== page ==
In a later position as the senior military advisor to the director of Diversity Management and Equal Opportunity for the Office of the Under Secretary of Defense in 2015, she not only advised but also shaped policies to ensure an equitable field for all members of the defense community by driving the bullying and hazing policy across the finish line. This was a pivotal juncture in her career. 

On the heels of her short stint serving in the Office of the Secretary of Defense, she was selected for group command at the 31st Fighter Wing as a colonel select, and she soared in her role. It was during this time the European theater would heat up and the fighter wing was placed on alert.

Following her tour as group commander, she deployed to Iraq for a second time, but now serving at the U.S. Embassy in Baghdad from 2017 to 2018, where she advised the Iraq government on Security Sector Reform following the Battle of Mosul. She continued to display commitment and resiliency in a country grappling with complexities; however, she stood firm and demonstrated diplomacy and strength in equal measure for America.

She returned to the Pentagon in 2018 for a fourth tour where she served as the director of legislative affairs for U.S. Central Command. It was here she became the voice to bridge the military's aspirations with the legislative realities of Capitol Hill shaping the policy for the Syrian withdrawal and stand-up of Prince Sultan Air Base.

Her leadership of the 75th Air Base Wing at Hill Air Force Base, Utah, was marked by vision and compassion. Under her stewardship, the base became a beacon of excellence and hope for many, its operations running like a well-oiled machine now in support of the ongoing efforts in Ukraine.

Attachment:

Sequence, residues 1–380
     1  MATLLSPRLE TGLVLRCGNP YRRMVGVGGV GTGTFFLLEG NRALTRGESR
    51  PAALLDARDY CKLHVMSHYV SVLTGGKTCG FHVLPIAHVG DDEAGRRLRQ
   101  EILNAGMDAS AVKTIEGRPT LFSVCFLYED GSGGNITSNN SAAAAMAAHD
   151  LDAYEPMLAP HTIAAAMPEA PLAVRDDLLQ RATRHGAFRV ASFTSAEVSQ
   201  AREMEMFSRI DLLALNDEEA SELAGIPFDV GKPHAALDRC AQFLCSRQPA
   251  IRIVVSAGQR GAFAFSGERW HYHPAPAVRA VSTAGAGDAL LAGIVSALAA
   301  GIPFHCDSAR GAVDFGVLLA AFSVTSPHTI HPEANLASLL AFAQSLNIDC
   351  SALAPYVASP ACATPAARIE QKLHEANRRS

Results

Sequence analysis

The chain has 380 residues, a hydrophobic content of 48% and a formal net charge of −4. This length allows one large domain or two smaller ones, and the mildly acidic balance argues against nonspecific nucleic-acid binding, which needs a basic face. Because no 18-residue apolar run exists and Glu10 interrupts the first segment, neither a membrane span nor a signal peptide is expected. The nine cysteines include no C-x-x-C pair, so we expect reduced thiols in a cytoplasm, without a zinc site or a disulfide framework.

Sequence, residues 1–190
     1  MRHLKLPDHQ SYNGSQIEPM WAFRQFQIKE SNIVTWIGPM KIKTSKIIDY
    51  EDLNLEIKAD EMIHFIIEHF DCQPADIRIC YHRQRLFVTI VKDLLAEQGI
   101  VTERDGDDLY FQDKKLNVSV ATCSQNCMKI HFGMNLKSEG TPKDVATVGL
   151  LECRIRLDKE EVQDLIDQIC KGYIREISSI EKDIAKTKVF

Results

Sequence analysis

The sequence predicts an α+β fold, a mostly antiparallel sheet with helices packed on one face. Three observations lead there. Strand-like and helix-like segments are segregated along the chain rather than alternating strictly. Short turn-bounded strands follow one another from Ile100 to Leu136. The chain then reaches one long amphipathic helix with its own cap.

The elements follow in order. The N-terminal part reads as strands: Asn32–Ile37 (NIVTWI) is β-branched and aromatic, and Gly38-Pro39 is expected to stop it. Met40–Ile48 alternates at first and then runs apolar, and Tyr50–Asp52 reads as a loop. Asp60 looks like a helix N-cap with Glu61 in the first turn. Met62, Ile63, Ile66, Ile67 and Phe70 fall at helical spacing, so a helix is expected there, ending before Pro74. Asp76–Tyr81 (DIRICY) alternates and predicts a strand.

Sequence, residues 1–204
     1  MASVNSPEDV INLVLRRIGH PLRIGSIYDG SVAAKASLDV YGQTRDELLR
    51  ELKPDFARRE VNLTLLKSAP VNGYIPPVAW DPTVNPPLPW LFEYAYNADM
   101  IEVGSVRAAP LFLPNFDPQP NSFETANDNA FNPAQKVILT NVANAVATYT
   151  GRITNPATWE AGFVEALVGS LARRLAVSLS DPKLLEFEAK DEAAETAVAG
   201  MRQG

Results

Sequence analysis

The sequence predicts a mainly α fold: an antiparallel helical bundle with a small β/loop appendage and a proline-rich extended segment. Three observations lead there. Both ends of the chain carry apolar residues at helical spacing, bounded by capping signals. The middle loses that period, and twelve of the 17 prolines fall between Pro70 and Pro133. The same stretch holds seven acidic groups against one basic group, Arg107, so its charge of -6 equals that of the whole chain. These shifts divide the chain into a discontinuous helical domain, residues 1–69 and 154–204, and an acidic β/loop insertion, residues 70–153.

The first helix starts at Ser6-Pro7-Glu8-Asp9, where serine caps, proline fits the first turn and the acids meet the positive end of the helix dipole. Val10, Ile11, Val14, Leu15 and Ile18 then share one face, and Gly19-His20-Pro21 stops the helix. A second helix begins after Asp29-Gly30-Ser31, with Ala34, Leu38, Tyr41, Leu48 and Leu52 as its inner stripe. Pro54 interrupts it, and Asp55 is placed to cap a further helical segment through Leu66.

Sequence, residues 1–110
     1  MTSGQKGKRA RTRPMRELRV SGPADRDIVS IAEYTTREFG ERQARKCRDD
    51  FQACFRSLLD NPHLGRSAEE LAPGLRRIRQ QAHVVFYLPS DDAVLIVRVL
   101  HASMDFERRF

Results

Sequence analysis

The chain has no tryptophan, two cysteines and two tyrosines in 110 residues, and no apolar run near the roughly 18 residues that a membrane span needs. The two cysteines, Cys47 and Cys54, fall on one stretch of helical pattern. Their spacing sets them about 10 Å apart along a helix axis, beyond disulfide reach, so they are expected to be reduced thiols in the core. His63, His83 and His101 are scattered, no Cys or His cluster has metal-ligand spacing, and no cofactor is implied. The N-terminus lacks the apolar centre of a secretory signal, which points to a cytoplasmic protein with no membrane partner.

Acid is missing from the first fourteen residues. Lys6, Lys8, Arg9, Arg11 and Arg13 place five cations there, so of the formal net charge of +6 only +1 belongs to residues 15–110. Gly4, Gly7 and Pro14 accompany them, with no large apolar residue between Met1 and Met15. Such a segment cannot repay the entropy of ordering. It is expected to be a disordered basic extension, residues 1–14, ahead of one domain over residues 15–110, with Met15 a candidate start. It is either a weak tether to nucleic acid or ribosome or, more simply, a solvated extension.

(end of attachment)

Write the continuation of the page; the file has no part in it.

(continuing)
Today, as the Secretary of the Air Force Department of Diversity and Inclusion deputy director, she is molding the future. By instilling values of diversity and understanding, she is crafting an Air Force where everyone, regardless of background, has a seat at the table.

Her mother referred to her as “determined to succeed,” and her daughter said she continues to be inspired by her mother’s fortitude and grace. 

Yet more than her list of titles or accolades, what truly sets her apart are these three words: listening, learning and leading—her philosophy. 

Listening: In an era where noise often drowns out voices, she places a premium on lending an attentive ear. To her, every voice, however faint, has value and insight.

Learning: With a keen eye, she understands that not all challenges announce themselves. By closely observing and taking everything in, she has consistently preempted issues before they became problems.

Leading: Leadership, for her, is not passive but engaged. It is about making decisions, taking calculated risks, and always moving forward.

Her story is indeed extraordinary as it captures an American Airman who lives by the USAF core values and understands that “Freedom is not Free.” 

Her legacy is real, it triumphs humble beginnings, and she offers the following comment for all reading this story.

“You can’t change where you came from, but you can decide where you want to go,” she said. “Remember, just because you can’t see it does not mean you can’t do it. I have served in numerous roles as the first; however, I will not be the last woman to do so.”

This Women’s Equality Day, as we reflect on progress and the road ahead, Col. Jenise M. Carroll's journey serves as a beacon. 

To every woman questioning her worth, doubting her capability, or unsure of her path, let her story be a reminder: Greatness is not defined by gender or race, but by grit, grace and the gumption to chase dreams, however distant they may seem.

And, for those called to lead, remember her words, “all things are possible." Aspire, achieve, and always soar.